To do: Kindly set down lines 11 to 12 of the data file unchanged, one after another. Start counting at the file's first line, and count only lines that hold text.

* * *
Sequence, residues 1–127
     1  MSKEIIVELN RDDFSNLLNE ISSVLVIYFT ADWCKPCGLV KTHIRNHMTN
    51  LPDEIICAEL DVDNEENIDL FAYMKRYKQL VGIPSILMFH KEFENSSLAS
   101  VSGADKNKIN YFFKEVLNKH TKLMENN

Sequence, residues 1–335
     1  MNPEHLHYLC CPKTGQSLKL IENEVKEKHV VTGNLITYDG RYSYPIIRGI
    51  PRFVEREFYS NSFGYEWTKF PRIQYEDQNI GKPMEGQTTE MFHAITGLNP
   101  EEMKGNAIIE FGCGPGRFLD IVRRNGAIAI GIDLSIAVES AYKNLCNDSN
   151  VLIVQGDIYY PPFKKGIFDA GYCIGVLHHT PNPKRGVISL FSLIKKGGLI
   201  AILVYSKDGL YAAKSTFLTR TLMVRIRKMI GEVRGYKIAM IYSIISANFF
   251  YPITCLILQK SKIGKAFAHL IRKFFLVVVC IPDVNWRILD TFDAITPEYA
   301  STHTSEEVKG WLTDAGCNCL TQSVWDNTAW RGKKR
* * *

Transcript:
   251  YPITCLILQK SKIGKAFAHL IRKFFLVVVC IPDVNWRILD TFDAITPEYA
   301  STHTSEEVKG WLTDAGCNCL TQSVWDNTAW RGKKR